60 pieces and a challenge. What can you make and how many of the pieces can you use creating skeleton polyhedra?
Just four procedures were used to produce a design. How was it done? Can you be systematic and elegant so that someone can follow your logic?
This pair of linked Sudokus matches letters with numbers and hides a seasonal greeting. Can you find it?
Use the differences to find the solution to this Sudoku.
Four small numbers give the clue to the contents of the four surrounding cells.
A Sudoku with clues as ratios.
A Sudoku with a twist.
This Sudoku puzzle can be solved with the help of small clue-numbers on the border lines between pairs of neighbouring squares of the grid.
Countries from across the world competed in a sports tournament. Can you devise an efficient strategy to work out the order in which they finished?
Arrange the four number cards on the grid, according to the rules, to make a diagonal, vertical or horizontal line.
Given the nets of 4 cubes with the faces coloured in 4 colours, build a tower so that on each vertical wall no colour is repeated, that is all 4 colours appear.
There are nine teddies in Teddy Town - three red, three blue and three yellow. There are also nine houses, three of each colour. Can you put them on the map of Teddy Town according to the rules?
A 2 by 3 rectangle contains 8 squares and a 3 by 4 rectangle contains 20 squares. What size rectangle(s) contain(s) exactly 100 squares? Can you find them all?
A Sudoku with clues given as sums of entries.
in how many ways can you place the numbers 1, 2, 3 … 9 in the nine regions of the Olympic Emblem (5 overlapping circles) so that the amount in each ring is the same?
Ben passed a third of his counters to Jack, Jack passed a quarter of his counters to Emma and Emma passed a fifth of her counters to Ben. After this they all had the same number of counters.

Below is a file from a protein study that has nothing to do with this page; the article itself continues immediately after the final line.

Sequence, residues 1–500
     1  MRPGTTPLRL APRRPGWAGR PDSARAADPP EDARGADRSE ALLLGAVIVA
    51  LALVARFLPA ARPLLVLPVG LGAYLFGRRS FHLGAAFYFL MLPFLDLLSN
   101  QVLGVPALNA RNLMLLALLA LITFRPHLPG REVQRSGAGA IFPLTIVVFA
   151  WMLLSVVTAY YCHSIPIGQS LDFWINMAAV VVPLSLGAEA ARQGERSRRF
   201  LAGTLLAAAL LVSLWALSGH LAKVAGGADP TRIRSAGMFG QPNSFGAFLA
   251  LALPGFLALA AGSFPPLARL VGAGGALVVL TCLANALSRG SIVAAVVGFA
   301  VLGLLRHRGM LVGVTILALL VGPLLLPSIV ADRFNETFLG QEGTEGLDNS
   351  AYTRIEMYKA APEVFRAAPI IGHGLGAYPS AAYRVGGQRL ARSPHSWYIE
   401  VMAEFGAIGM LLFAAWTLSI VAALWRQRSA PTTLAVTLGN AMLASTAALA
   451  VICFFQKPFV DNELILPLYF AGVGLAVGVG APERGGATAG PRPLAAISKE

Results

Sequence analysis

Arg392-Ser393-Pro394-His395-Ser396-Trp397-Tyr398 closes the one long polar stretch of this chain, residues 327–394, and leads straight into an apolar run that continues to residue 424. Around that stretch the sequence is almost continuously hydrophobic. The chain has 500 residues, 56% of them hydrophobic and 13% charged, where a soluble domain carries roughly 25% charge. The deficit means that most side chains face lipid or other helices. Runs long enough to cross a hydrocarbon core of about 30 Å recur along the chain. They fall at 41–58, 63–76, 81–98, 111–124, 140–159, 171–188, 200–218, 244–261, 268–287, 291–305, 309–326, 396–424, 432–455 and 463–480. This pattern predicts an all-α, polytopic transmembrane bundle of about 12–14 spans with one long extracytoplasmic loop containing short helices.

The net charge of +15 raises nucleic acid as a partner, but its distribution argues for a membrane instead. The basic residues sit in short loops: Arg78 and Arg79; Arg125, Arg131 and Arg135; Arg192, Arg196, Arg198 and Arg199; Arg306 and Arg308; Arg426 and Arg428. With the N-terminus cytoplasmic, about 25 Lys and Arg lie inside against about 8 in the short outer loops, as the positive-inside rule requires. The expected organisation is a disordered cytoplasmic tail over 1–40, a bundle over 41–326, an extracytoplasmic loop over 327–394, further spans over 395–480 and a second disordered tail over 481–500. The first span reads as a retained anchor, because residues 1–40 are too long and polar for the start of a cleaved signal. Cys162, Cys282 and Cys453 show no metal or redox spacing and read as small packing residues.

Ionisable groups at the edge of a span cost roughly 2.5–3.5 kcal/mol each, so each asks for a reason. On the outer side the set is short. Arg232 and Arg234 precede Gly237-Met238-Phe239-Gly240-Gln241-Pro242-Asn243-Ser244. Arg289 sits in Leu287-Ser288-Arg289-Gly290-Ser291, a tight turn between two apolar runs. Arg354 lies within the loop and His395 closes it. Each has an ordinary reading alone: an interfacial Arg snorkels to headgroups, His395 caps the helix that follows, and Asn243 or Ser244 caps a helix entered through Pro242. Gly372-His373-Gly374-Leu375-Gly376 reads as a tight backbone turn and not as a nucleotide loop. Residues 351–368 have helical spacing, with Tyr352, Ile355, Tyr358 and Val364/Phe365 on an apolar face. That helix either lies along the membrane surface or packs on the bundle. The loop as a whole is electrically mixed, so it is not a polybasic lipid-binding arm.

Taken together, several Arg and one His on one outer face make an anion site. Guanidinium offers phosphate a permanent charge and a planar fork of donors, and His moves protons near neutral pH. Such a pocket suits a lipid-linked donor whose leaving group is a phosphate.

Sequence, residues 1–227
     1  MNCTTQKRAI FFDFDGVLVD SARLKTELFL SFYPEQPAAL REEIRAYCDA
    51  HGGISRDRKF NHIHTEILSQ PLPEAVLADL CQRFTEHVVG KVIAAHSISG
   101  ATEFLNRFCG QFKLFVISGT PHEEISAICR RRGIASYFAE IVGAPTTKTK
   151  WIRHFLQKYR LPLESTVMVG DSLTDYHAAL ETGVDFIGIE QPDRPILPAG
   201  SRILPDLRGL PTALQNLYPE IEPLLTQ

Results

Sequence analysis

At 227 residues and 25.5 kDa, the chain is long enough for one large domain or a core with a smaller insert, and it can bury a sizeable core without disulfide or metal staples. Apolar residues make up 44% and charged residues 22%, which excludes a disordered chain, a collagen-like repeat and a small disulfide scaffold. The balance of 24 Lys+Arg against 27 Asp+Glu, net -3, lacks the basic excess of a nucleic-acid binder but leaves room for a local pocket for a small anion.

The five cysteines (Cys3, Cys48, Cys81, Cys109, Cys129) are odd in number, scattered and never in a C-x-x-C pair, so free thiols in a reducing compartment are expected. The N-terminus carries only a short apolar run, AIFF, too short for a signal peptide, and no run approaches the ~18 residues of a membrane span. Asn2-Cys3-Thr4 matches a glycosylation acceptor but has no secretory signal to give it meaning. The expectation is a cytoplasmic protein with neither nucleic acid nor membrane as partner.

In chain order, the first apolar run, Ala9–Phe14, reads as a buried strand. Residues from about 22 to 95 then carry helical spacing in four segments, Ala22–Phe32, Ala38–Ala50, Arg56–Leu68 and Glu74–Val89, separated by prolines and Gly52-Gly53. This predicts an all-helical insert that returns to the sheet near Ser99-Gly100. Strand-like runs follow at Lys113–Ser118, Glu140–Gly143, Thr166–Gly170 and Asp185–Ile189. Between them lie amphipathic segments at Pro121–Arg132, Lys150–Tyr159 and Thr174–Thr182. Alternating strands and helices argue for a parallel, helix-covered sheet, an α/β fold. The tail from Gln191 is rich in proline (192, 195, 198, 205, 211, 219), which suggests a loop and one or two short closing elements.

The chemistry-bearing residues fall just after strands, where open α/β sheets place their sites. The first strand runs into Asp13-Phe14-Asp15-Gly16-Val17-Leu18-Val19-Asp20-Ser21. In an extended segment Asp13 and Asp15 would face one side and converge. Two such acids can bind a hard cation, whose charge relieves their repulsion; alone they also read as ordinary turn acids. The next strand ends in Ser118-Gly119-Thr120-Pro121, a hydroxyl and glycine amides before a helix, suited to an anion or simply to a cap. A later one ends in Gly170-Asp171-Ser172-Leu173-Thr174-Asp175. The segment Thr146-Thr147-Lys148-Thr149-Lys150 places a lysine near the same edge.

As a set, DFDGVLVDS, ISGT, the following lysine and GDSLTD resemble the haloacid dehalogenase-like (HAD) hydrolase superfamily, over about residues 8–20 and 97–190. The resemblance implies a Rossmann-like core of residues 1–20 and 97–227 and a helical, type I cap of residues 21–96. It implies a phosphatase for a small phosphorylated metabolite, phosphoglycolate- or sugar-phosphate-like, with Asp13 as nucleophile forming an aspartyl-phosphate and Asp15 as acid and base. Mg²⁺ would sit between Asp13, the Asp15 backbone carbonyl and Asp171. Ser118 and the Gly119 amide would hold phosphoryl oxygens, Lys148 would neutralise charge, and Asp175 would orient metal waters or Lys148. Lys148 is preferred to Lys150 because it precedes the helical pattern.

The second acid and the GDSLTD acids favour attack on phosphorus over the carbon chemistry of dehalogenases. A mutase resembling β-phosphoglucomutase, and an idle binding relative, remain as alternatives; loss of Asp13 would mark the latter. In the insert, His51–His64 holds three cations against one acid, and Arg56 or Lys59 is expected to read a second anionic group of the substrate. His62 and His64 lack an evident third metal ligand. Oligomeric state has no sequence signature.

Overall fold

Many numbers can be expressed as the sum of two or more consecutive integers. For example, 15=7+8 and 10=1+2+3+4. Can you say which numbers can be expressed in this way?
The puzzle can be solved with the help of small clue-numbers which are either placed on the border lines between selected pairs of neighbouring squares of the grid or placed after slash marks on. . . .
Try to solve this very difficult problem and then study our two suggested solutions. How would you use your knowledge to try to solve variants on the original problem?
Take three whole numbers. The differences between them give you three new numbers. Find the differences between the new numbers and keep repeating this. What happens?
You have twelve weights, one of which is different from the rest. Using just 3 weighings, can you identify which weight is the odd one out, and whether it is heavier or lighter than the rest?
Advent Calendar 2011 - a mathematical activity for each day during the run-up to Christmas.
In this article, the NRICH team describe the process of selecting solutions for publication on the site.
First Connect Three game for an adult and child. Use the dice numbers and either addition or subtraction to get three numbers in a straight line.